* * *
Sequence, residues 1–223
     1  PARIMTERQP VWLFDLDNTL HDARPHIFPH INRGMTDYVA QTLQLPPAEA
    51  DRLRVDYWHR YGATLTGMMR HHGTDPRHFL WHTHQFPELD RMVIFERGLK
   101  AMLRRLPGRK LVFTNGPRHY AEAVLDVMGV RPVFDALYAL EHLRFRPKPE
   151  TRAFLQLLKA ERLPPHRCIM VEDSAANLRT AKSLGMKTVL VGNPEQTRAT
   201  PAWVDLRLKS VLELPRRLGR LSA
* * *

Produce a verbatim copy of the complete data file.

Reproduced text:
Sequence, residues 1–223
     1  PARIMTERQP VWLFDLDNTL HDARPHIFPH INRGMTDYVA QTLQLPPAEA
    51  DRLRVDYWHR YGATLTGMMR HHGTDPRHFL WHTHQFPELD RMVIFERGLK
   101  AMLRRLPGRK LVFTNGPRHY AEAVLDVMGV RPVFDALYAL EHLRFRPKPE
   151  TRAFLQLLKA ERLPPHRCIM VEDSAANLRT AKSLGMKTVL VGNPEQTRAT
   201  PAWVDLRLKS VLELPRRLGR LSA